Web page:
Unexpected costs have delayed construction of a tiny home village on Fourth Avenue in Port Alberni and threatened the number of homes operators will be able to build.
The project is supposed to provide operation of a low barrier transitional housing development. The intent is to move people from the illegal trailer park on the adjacent property into tiny homes, then close the trailer park. The city will force the property owner, using legal action, to remove the trailers.
The Port Alberni Friendship Center, which agreed to run the Walyaquil Tiny Home Village on city-owned land, wasn’t expecting to have to hire an architect and create a site plan. “The additional costs for the project that we weren’t expecting is upwards of $190,000, and that’s not including the pods,” said Cyndi Stevens, executive director for the Friendship Center.
“It’s a lot for us as a non-profit organization.”
The original plan was to put 30 tiny homes or pods on the land. “That will have to happen to make the project viable,” Stevens said. Their agreement with BC Housing for 24-hour support is based on 30 pods.
Right now they can only afford 15 pods; they hope to add another 15 later, then amend their temporary use permit to add six more if the need arises.
The housing is not meant to be permanent. “The goal will be that there will be supportive housing for them to transition into,” Stevens said. “The support needs to be where they’re at so they can access it when they’re ready.”
Zen Den from Surrey will build the pods and provide assistance when the pods are assembled in Port Alberni. “They’ve been amazing; they’ve been so flexible,” she said, especially with the recent changes. Because of changes to the site plan, the pods Stevens initially looked at are no longer suitable, and new pods have to be built. The original pods cost $13,500 each but the cost has risen by $4,000 per pod for an increase of $75,000.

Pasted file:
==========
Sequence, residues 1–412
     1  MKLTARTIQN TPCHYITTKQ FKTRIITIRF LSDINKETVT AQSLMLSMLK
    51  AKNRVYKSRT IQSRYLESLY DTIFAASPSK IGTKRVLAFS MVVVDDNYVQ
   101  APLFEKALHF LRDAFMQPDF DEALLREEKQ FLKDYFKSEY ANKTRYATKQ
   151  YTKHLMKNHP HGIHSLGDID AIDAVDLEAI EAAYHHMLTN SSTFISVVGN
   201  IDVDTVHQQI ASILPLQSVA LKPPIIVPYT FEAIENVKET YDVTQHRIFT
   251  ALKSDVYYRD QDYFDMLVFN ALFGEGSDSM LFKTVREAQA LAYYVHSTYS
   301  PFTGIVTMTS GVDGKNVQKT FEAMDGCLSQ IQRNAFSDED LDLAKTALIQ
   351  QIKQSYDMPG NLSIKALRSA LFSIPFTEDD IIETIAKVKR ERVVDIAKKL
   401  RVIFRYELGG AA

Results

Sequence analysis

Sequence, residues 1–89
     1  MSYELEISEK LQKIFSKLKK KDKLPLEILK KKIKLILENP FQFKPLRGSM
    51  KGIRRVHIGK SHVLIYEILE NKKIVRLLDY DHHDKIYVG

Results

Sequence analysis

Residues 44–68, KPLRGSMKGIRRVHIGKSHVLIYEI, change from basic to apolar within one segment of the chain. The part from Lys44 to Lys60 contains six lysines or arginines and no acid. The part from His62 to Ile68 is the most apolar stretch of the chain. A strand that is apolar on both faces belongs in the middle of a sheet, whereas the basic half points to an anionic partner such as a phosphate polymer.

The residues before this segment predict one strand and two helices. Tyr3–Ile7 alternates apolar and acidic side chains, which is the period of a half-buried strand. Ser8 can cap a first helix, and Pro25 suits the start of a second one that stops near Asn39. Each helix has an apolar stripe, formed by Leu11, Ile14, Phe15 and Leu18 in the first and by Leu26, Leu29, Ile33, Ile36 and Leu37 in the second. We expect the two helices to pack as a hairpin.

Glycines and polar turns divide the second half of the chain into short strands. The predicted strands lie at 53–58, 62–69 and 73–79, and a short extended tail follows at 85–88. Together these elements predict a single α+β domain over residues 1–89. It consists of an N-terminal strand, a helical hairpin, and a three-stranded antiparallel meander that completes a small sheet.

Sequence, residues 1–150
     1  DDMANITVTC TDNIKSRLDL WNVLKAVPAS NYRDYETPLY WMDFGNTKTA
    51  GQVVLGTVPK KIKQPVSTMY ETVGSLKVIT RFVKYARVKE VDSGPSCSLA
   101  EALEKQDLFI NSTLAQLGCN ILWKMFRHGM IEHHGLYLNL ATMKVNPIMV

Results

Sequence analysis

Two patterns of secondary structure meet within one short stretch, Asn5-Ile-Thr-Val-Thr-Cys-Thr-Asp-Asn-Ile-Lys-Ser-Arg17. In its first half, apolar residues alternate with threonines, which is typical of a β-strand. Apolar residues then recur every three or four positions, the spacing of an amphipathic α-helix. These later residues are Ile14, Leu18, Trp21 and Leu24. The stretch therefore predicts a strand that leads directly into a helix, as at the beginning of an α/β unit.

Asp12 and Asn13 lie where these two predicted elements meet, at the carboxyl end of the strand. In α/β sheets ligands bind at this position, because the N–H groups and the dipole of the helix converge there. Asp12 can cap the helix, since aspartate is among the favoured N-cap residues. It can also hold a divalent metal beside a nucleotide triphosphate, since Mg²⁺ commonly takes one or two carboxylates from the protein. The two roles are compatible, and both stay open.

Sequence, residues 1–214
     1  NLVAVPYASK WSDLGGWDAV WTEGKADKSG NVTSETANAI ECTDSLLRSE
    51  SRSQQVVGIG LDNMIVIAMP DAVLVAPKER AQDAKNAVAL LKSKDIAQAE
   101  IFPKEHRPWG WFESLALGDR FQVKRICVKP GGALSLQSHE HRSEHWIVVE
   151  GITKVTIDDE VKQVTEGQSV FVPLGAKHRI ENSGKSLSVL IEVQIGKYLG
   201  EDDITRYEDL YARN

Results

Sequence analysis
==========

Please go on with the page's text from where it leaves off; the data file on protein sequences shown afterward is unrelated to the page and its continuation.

The city has fenced the property and it has been serviced and leveled.
An electrician has been lined up to hook up the office trailer and pods as soon as the pods are available.
The Friendship Center has started a GoFundMe fundraiser (search Port Alberni Tiny Home Village) to try and make up the extra funds. “Anything we can manage to muster up some funding, we’re trying,” Stevens said.
The fund had only raised $610 of a $450,000 ask as of Thanksgiving Monday.
City council at their Sept. 26 meeting fast tracked a temporary use permit for the site. They also authorized a letter of intent between the city, Port Alberni Friendship Center and BC Housing and execution of a two-year lease agreement with the Friendship Center for operation of the centre.
Stevens said they hadn’t signed a lease with the city by the end of September. The lease is separate to the temporary use permit. The Friendship Center and other stakeholders started the project in January 2022.
“Originally we had hoped to start building back in September with an opening date of the end of October. Now we’re looking at assembling at the end of October.”
Now she is expecting a potential opening date somewhere between Nov. 15 and Dec. 1.
“We would really like this to happen before it gets really cold and even more challenging for our vulnerable population,” Stevens said.